# Tagged Questions

**5**

votes

**2**answers

178 views

### Eigenstates of Fourier transformation

Let $\gamma$ be defined on $\mathbb R^n$ by $\gamma (x)=e^{-π x^2}$. With $\mathcal F$ standing for the Fourier transformation defined on the Schwartz space by
$$
(\mathcal F u)(\xi)=\int e^{-2iπ ...

**3**

votes

**0**answers

124 views

### Fourier transform and support of a distribution

Let $T \in \mathscr D'(\mathbb R^n)$ be a distribution, such that its Fourier transform $\widehat T$ is a real analytic function on $\mathbb R^n$ but it can't be continued to an entire function on ...

**3**

votes

**1**answer

186 views

### Understanding Bruhat's notion of Schwartz function

I am trying to understand Bruhat's generalized Schwartz functions over (Hausforff) locally compact Abelian groups [1], following this paper [2] by Osborne. There, the Schwarz-Bruhat space ...

**2**

votes

**0**answers

174 views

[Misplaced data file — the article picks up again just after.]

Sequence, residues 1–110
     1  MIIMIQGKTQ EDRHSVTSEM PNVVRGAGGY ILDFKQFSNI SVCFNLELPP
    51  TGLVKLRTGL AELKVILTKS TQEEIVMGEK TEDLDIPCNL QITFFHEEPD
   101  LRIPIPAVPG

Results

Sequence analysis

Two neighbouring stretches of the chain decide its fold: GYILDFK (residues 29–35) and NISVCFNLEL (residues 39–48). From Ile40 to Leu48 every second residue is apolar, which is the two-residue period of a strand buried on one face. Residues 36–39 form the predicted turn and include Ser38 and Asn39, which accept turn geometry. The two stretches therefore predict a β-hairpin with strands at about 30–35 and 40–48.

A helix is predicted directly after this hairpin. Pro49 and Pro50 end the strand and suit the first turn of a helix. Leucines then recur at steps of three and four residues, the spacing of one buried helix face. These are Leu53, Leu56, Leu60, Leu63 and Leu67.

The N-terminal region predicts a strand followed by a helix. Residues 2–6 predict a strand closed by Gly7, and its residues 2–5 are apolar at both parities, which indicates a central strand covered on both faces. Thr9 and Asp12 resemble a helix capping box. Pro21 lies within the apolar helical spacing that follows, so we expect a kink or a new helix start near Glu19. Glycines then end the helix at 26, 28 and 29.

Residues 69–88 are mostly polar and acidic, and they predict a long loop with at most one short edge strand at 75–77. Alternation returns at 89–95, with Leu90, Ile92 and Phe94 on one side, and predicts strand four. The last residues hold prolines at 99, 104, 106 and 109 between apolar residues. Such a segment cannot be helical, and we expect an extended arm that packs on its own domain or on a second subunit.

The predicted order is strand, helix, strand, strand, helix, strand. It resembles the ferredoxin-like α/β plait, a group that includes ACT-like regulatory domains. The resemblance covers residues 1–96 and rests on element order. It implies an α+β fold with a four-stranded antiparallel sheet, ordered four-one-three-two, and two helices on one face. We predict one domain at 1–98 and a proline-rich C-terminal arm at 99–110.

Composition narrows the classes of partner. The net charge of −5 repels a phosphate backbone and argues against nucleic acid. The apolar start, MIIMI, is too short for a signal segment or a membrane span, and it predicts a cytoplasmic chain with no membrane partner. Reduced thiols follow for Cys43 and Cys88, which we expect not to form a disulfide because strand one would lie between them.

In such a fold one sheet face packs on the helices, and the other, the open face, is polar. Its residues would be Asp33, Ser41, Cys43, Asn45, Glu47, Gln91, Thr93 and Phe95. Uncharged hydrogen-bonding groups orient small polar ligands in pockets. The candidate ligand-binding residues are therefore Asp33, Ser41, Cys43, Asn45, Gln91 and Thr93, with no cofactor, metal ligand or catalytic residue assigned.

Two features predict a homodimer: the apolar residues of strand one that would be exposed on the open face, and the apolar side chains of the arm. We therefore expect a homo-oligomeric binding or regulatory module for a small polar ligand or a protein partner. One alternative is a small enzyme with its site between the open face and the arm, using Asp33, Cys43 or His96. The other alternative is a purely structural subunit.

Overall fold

### Spectral gap of tempered distributions

Hi,
Let $\Lambda\subset\mathbb{R}$ be an infinite discrete set of finite density (for simplicity one may take the density equals 1) and $\delta_{\lambda}$
is a unit mass located at the point ...

**4**

votes

**2**answers

403 views

### Decomposition of distributions

Can we write every (tempered) distribution $\psi$, say on $\mathbb{R}$, as the sum of two distributions
$\psi = \psi_1 + \psi_2$
such that $\psi_1$ and the Fourier transform of $\psi_2$ are ...

**0**

votes

**1**answer

405 views

### ($n$-dimensional) Inverse Fourier transform of $\frac{1}{\| \mathbf{\omega} \|^{2\alpha}}$

Note: I first posted question on math.stackexchange and I got one reply, which was a bit helpful (I'm still trying to understand it fully), but did not explore the two solution cases that I mentioned. ...

**0**

votes

**2**answers

627 views

### Inverse Fourier transform of class of infinitely differentiable function with compact support

For which $f \in S(R^n)$, the Schwartz class, $\hat f \in D(R^n)$ ?

**2**

votes

**5**answers

2k views

### fourier transform of (real) exponential

Is it possible to make sense, in distributional sense, of the Fourier transform of the exponential function (defined over the whole real line)?